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I am an experienced online journalist and political editor working for Trinity Mirror papers in the West Midlands and the North East, based in the Parliamentary Press Gallery at Westminster.

I understand how government, Parliament and political parties work. I am equally at home digging out stories from data, social media or interviews as I am covering major set-piece events or explaining how things work to readers.

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As Mr Balls sees it, the Heseltine proposals are partly about reversing one of the major mistakes this government has made – the abolition of the regional development agencies (RDAs), which included Advantage West Midlands based in Birmingham.

These were government agencies controlled by the Department for Business, Innovation and Skills but based in the regions they served, and they worked closely with local businesses and councils. The difficulty, in the Shadow Chancellor’s opinion, is that their replacement, the Local Enterprise Partnerships, are not all up to the job.

People think I'm the ChancellorEd Balls

He said: “I think the story of the last few years is that the Treasury bounced business and [Business Secretary] Vince Cable into thinking that abolishing the RDAs was a good idea. And over the last two years Vince Cable has come to see what a deeply foolish and destructive thing that was. And that’s essentials what Heseltine says. The problem we’ve got is what has been put in its place, the local enterprise partnerships, are not at the moment really fit for purpose.

“They are too fragmented, there’s much too much variation in their quality, and most importantly they don’t really have clout.

“And Heseltine says you’ve got to give that local private public partnership voice clout.

“And that’s something we totally agree with. He doesn’t fully answer that question the report. But that’s because I don’t think George Osborne agrees. But we do.”

Industry was crying out for partnership with Government, said Mr Balls. He highlighted a visit to the MG Rover plant in Longbridge, Birmingham, where managers told him Advantage West Midlands had helped secure investment from the plant’s Chinese owners, Shanghai Automotive.

“When I went to Longbridge, and I went the day before the new MG line was opening formally with the Chinese premiere coming over, and talking to the management there, they said Advantage West Midlands played a really important role in brokering this deal to bring car production back to Longbridge by knocking heads together with local government and national government, working with the supply chain.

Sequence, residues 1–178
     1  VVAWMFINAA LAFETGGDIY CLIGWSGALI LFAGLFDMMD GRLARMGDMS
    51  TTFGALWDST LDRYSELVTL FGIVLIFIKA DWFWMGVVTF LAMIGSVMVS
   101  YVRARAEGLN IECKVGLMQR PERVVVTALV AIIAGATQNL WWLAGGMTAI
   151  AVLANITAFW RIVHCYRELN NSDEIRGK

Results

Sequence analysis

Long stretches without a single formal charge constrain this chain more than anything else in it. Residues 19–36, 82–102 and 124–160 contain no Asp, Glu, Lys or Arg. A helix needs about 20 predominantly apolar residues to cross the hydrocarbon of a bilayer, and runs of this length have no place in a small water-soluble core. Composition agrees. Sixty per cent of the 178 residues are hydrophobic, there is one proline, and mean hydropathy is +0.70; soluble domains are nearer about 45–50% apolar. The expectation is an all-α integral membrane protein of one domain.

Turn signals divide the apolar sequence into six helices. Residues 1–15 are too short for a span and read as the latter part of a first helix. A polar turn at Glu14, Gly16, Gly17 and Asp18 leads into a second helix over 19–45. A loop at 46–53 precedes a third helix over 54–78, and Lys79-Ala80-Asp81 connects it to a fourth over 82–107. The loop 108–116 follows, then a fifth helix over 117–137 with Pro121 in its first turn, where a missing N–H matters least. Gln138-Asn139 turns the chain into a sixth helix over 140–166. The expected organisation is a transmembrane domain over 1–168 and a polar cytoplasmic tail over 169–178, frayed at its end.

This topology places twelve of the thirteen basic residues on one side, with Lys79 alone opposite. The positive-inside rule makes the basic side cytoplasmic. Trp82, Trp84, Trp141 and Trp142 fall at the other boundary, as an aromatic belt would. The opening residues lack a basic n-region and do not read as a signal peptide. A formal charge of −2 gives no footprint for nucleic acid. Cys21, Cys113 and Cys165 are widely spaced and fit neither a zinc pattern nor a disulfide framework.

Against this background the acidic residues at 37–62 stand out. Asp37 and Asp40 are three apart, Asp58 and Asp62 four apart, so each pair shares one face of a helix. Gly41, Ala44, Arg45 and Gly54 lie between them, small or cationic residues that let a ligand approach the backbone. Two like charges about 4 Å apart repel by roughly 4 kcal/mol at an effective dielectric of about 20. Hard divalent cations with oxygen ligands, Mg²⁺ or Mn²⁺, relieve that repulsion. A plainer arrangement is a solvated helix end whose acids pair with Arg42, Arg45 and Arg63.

“They said to me, the thing that they didn’t really understand is that the government subsequently has abolished them and put nothing in their place, and who would do that again?”

Being Gordon’s right hand man isn’t my problem

Some Conservatives and Liberal Democrats argue that Ed Balls is a liability to his party, because he reminds voters of Gordon Brown’s Government.

But Mr Balls spoke out against those who suggest that because of this he lacks credibility.

“That is what the Tories are desperate to achieve but I don’t think they are going to succeed in that.

“The problem I actually have, when we have done our testing on these things, is more people think I’m the Chancellor than George Osborne. Because they see me a bit more on TV. He’s such a submarine.

“Because they see me more often, they think I’m the Chancellor. I’m really worried they might think I might embody flatlining. My biggest risk is that they’ll think I’m the person taking the economy back into double dip recession.

“The reality is the Tories want to fight the election about the past, because they are very worried now about the present, the future.

“That wasn’t the original plan. The reason they are ramping up the decibels to get to Ed [Miliband] and me in the last six months is because the economy has gone back into double dip recession.”

So will he be the Chancellor in a Labour Government after the next election?

“That is absolutely a question for the leader of the Labour Party, not for me.

“And as he said, for us to get into speculation about what we would do once we have one an election smacks of an arrogance and complacency we are not going to get into.

“But we are working really closely together.”


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Jonathan Walker Political Editor of the Birmingham Post, Birmingham Mail, Sunday Mercury, Coventry Telegraph, Newcastle Journal, Newcastle Chronicle and Sunday Sun.

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